Saudi Arabia’s Drop in Production Benefits Oil Prices

Oil prices rose sharply on Monday, posting their largest single-session increase in three weeks, propelled by the entry into force of a further cut in Saudi production.

A barrel of North Sea Brent for April delivery, which is the first day of use as a benchmark contract, gained $ 1.31 or + 2.38% from Friday’s close, at $ 56.35.

WTI’s US barrel for the same month climbed $ 1.35 or + 2.58% to $ 53.55.

“Oil started the week with a positive sentiment” which is explained both by the evolution of Saudi production, but also by the decline in US oil stocks, a trend “which could continue”, indicated Louise Dickson, of Rystad Energy. This “demonstrates a healthy level of demand relative to supply,” she said.

For Stephen Innes, analyst at Axi, the market has especially welcomed “the entry into force (Monday) of the voluntary (further) cuts in Saudi Arabia’s production, announced in January”.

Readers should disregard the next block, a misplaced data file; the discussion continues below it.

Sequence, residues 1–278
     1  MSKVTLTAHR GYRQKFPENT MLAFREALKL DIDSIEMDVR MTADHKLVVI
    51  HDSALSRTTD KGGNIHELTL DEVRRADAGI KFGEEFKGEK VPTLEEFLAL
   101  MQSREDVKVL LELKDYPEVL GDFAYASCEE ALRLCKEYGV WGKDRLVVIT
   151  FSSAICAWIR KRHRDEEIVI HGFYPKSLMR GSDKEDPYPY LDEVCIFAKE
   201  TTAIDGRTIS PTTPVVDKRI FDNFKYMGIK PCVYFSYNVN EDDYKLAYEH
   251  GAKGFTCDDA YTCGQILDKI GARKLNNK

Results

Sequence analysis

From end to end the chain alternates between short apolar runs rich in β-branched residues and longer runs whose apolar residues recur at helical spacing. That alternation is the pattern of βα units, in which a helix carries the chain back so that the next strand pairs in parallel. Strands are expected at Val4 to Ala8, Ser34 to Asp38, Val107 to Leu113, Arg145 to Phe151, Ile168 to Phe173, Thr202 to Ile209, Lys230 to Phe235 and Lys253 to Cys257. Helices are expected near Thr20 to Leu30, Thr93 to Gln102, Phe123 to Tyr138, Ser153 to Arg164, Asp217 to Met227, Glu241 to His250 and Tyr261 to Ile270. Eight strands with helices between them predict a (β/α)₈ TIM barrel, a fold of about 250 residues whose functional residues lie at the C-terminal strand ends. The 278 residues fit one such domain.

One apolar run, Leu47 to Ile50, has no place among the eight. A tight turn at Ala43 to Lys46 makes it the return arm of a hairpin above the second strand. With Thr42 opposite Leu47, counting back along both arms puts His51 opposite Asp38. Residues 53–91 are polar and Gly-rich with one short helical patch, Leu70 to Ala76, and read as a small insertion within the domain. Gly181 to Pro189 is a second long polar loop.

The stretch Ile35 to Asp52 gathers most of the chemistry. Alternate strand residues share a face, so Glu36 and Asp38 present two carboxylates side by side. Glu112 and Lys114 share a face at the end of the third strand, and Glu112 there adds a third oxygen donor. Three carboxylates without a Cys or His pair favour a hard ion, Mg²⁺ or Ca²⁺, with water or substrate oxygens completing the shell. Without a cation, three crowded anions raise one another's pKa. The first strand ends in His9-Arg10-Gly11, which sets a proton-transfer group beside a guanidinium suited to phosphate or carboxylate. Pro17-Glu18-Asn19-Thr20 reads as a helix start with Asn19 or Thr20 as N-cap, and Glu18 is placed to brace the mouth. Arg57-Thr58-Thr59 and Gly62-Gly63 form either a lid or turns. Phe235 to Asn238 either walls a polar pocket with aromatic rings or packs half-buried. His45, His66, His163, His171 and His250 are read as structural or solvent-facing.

The leader of the Organization of the Petroleum Exporting Countries (OPEC) had announced earlier this year that it would start its own production quota in February and March, to the tune of one million barrels per day.

At the same time, the other members of the OPEC + alliance, made up of the cartel and their ten allies, kept their production unchanged for the period, except for Russia and Kazakhstan, which will marginally increase their extractions.

Participants from the twenty-three club meet on Wednesday for a follow-up committee on the group’s current production reduction agreement, identified by the acronym JMMC.

Investors “also hope that oil prices will continue to rise as the vaccine rollout continues,” said Naeem Aslam of Avatrade, although the process remains “very unstable and slow.”

The European Union in particular is criticized for the slowness of vaccinations against COVID-19 and travel restrictions, which are very damaging to the consumption of black gold, are increasing around the world in an attempt to stem the pandemic.

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